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TypeScript Union type a deeper look

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The TypeScript union type is super powerful, let's take another look at what it can do

11 Mar, 2022 Β· 3 min read

The TypeScript Union type is excellent if your type can consist of multiple values/types.

Using the pipe character (|), we define a union type. For instance this Union type between a string and a number.

type myUnion = string | number;

However, depending on what we want to do with this type, it can be difficult. For one, the Union type can only perform valid actions for both types.

Let's see how that would be in an example:

type myUnion = string | number;
const myUnionFunction = (property: myUnion) => {
  console.log(property);
};

myUnionFunction(123);
myUnionFunction('abc');

This will be valid since a console log is valid for both, but what if we only want to introduce a manipulation on the string?

const myUnionFunction = (property: myUnion) => {
  console.log(property.toUpperCase());
};

This will quickly throw an error because we can't convert the 123 value to uppercase.

In this case, we can use narrowing to narrow down what action to perform for which type.

type myUnion = string | number;
const myUnionFunction = (property: myUnion) => {
  if (typeof property === 'string') {
    property = property.toUpperCase();
  }
  console.log(property);
};

myUnionFunction(123);
myUnionFunction('abc');

And in the above example, we neatly get ABC returned, while the numeric value has not changed.

Other use-cases of Unions

Now that we have seen the default string or number value, let's look at other use cases for the union type.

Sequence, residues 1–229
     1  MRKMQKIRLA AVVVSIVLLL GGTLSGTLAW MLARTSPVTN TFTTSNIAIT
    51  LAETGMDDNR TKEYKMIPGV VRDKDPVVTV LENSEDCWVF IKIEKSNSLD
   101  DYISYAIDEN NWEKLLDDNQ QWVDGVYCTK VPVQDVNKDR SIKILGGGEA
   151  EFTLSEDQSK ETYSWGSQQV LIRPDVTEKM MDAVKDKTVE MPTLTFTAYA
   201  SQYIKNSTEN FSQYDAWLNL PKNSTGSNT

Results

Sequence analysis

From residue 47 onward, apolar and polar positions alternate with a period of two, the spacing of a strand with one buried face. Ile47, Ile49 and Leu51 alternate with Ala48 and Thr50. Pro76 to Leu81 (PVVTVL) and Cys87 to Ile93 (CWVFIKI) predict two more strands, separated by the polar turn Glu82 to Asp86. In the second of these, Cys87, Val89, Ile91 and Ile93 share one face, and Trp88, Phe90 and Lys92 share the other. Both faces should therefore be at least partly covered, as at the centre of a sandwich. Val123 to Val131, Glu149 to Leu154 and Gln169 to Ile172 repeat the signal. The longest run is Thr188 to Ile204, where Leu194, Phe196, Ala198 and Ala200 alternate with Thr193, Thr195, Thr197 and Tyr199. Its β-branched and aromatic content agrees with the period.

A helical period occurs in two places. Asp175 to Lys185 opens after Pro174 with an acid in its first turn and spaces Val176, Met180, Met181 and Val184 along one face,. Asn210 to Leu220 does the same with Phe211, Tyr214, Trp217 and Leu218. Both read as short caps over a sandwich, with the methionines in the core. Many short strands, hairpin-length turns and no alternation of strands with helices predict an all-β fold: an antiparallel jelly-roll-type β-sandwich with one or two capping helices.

For one, we could define different user states.

type IsUser = User | LoggedUser;

This will distinguish between a user or logged user type, and such comparisons can be super handy if you are only using a subset of both types.

Another great example is to catch certain events like this:

type Event = MouseEvent | KeyboardEvent;

And a super powerful one is a string union type, which can act very close to the enums we saw.

type Status = 'not_started' | 'progress' | 'completed' | 'failed';

We have a function that can set this status, and we want to ensure it only accepts those values.

type Status = 'not_started' | 'progress' | 'completed' | 'failed';
const setStatus = (status: Status) => {
  db.object.setStatus(status);
};
setStatus('progress');
setStatus('offline');

The bottom line will throw an error stating it can't set the value to offline as it does not exist in this union type.

Union type limitations

A union type is only available at compile-time, meaning we can't loop over the values.

Let's say we need the array of all possible status values we just defined.

Usually we would try something like this:

console.log(Object.values(Status));

This will throw an error stating we can't use Status as a value since it only exists as a type.

This is something we could achieve with an enum.

enum Status {
  'not_started',
  'progress',
  'completed',
  'failed'
}
console.log(Object.values(Status));

However, there is another way to do this, which might even make more sense to use:

const STATUS = ["not_started", "progress", "completed", "failed"] as const;
type Status = typeof STATUS[number];

Here we cast an array of possible values as the type of the Status type.

It's important to note that you must cast the variable as a const. You can either use the above method or the following one:

const STATUS = <const>["not_started", "progress", "completed", "failed"];

const Union type

This will result in the union being the same, and we can still get all the values like this:

console.log(Object.values(STATUS));

All these little gimmicks make Typescript such a bliss to work with. The possibilities are endless.

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